More Disability Resources in the Jewish World

The articles you’ve just read are part of an ongoing Lilith exploration of disability, accessibility, and inclusion. For more—including work on disability and sexuality, mental health and neurodiversity, be sure to look out for future Lilith issues. Below, a few of our favorite resources and a reading list. Did we miss something? Email us at and we’ll include it in a future issue.

Blue Dove

The Blue Dove Foundation was created to fill a noticed lack of conversation around mental health and substance abuse in the Jewish community. Guided by their core middot, Jewish values, Blue Dove works to educate the Jewish community on their breadth of mental health resources. The foundation creates conversation around mental health grounded in their emblem of the dove, a symbol of “peace of the deepest kind.” Blue Dove provides resources to connect Judaism and mental health in communities all over the world. From online conversations about the positive effects of art on mental health to resources to make your own mental health mishloach manot, Blue Dove is transforming how the Jewish community talks about mental health. To read more and access Blue Dove’s extensive resources visit


Lobbying and advocating for the disabled community, “RespectAbility is a diverse, disability-led nonprofit that works to create systemic change in how society views and values people with disabilities, and that advances policies and practices that empower people with disabilities to have a better future,” according to its mission statement. “Our mission is to fight stigmas and advance opportunities so people with disabilities can fully participate in all aspects of community.” Find out more at

Jewish Deaf Resource Center

“JDRC’s leadership, comprised of Deaf, Hard-of-Hearing, and hearing individuals, advocates to increase communication access to services, rituals, learning and other Jewish communal experiences. Through our efforts, we build a richer and meaningful Jewish communal life for everyone.” Courses, ASL shabbats and more are offered at

Svara + Disability Justice Torah Circle

Under the umbrella of Svara, this Torah Circle “a space for Jews with disabilities to build community around Torah and engage Jewish text through a disability justice lens. The space nurtures and amplifies the voices of Jews with disabilities and produces “Disability Torah” to impact the broader Jewish community.”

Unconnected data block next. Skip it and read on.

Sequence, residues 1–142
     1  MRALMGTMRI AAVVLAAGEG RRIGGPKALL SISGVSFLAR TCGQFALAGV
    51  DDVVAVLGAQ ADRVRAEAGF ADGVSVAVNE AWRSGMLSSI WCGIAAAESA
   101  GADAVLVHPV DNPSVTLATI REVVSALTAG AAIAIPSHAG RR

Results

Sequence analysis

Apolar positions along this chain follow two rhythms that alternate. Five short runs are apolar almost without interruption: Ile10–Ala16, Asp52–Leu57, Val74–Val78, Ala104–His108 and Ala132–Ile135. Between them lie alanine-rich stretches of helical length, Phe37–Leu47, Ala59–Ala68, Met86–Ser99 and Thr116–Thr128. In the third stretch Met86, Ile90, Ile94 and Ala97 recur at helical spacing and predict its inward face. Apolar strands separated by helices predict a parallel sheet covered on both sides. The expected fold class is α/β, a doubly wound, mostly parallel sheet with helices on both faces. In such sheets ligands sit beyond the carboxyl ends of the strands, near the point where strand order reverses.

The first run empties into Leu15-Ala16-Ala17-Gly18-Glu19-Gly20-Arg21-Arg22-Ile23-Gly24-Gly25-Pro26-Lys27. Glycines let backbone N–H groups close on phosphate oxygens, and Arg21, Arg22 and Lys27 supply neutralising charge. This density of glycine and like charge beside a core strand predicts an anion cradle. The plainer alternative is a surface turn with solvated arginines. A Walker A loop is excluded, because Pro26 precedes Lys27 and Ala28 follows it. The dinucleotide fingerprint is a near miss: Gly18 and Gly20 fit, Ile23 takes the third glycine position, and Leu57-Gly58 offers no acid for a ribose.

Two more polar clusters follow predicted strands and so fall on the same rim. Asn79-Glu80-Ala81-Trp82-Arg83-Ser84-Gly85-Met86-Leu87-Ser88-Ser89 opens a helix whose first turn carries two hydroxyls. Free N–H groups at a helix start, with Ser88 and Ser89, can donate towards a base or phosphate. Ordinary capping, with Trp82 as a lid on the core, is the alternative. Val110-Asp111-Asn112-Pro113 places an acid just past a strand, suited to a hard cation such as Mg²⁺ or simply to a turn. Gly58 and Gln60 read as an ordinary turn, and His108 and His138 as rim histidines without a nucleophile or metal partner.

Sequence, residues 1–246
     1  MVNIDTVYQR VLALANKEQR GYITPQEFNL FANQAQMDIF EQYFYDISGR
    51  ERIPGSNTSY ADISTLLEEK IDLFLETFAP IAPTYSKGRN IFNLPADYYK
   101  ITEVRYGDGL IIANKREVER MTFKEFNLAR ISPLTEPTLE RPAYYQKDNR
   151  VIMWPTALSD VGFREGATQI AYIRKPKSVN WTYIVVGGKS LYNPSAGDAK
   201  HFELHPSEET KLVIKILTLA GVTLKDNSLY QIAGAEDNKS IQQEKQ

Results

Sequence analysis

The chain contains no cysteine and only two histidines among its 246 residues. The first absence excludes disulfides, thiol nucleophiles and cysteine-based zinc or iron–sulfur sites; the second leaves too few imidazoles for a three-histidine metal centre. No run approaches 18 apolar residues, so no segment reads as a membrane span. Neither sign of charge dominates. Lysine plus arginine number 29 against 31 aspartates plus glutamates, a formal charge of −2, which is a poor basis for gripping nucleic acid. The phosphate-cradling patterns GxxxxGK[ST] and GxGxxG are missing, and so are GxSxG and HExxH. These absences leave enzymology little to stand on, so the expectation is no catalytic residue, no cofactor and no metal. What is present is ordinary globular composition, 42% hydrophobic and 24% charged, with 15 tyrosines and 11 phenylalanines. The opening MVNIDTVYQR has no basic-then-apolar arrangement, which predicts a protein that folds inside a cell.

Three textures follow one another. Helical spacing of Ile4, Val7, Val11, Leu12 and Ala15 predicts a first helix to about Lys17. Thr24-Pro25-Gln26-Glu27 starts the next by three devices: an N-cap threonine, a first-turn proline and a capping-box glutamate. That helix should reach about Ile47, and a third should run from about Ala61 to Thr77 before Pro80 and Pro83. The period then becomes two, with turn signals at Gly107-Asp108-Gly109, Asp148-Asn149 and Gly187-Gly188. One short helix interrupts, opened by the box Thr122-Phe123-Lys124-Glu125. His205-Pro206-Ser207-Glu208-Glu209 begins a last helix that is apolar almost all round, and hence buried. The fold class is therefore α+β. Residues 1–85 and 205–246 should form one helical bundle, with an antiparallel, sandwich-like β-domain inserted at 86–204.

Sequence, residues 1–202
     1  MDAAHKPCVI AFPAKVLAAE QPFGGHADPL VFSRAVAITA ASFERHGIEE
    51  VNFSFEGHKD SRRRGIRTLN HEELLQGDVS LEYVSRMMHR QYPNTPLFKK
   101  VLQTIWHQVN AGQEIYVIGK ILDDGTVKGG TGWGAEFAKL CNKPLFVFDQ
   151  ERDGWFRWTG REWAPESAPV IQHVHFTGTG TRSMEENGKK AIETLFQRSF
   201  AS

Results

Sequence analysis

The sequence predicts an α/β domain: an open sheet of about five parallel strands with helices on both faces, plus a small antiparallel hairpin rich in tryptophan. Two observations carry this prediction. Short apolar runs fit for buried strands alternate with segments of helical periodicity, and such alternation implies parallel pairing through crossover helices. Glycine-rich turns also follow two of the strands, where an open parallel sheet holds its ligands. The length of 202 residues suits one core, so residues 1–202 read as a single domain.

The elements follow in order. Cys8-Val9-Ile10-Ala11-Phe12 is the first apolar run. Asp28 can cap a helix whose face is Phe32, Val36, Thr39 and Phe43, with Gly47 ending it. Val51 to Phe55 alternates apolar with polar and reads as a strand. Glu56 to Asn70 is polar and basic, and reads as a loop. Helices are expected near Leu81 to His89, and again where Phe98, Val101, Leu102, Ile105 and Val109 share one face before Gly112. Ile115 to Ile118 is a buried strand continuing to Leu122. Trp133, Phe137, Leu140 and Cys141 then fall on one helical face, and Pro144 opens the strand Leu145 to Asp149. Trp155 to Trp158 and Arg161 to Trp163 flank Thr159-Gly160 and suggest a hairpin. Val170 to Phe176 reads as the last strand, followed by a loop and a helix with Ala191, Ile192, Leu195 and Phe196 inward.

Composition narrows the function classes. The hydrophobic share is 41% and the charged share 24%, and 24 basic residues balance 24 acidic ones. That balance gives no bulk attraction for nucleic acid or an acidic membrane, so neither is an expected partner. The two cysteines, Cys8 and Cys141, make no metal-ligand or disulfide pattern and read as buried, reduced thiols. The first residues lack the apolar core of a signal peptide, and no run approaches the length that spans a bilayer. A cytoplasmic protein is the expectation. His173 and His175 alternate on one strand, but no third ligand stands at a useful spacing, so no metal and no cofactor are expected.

Holidays, shabbats, newsletters and a monthly workshop called “Disability Justice as spiritual text” run by Jessica Belasco can be found at

Crip Camp Curriculum—Beyond “Disability Rights”

Crip Camp (Netflix, 2020) documented the history of disability rights in the U.S., from the solace offered to disabled teens at Camp Jened, to the revolutionary work of Judith Heumann. And now, a Crip Camp Curriculum is available to parents and educators that deepens the film’s educational value. Created by award winning curriculum-writer and scholar Bianca I. Laureano and scholar-practitioner and filmmaker Aiesha Turman, the curriculum offers discussion guides for parents and educators and lesson plans from “Power & Disability Justice” to “Ableism, Language, & Power.” All parts are available in English and Spanish and can be accessed at

Sins Invalid—Centering Disabled Artists

Sins Invalid is a social justice-focused incubator for artists with disabilities based in San Francisco. Their work centers and celebrates artists with disabilities of all types, and particularly queer artists of color. The goal? To create “a foundation for a collective claim of liberation and beauty.” Creative director, singer-songwriter, activist and educator Nomy Lamm is self-described “bad ass, fat ass, Jew, dyke amputee” and has performed with Sins Invalid since 2008. Through their work with the organization and through their independent work, they aim to support students to “move through fear and self-judgment to take up space and find equilibrium in radical authenticity.” Learn more about Sins Invalid at and about Nomy Lamm’s work at

Rabbi Lauren Tuchman

Rabbi Lauren Tuchman is all about “teaching the transformative power of inclusive Torah.” In 2018, she became the first blind woman to ever enter the rabbinate and she carries this pioneering spirit into her work, consulting and teaching in Jewish spaces to promote inclusion and accessibility. And as a proud feminist, she told The Jewish Week, “It’s one thing to include women rabbis… but another thing to change the culture to value women’s experiences. I want disability-informed perspectives on tradition to inform our understanding just as much as I want a feminist lens to do so.” Learn more about Rabbi Tuchman’s work at and find her teachings and services at

JBI International

JBI International has been “enabling access to Jewish life through audio, braille, and large print texts” since its founding by The Jewish Braille Institute in 1931. They offer a rich library of accessible material, accessibility consulting services, and much more, and they even have materials in Yiddish, Spanish, Hebrew, and several other languages. And now, audio recordings of Lilith—from cover to cover—are available through JBI Voices! Voices is a diverse and engaging selection of articles from Jewish and secular news media relevant to Jewish interest and community—all in an accessible audio format. JBI Voices is free for anyone who has visual impairment, is blind, or is print disabled. Visit to sign up for free and to find JBI’s robust offerings.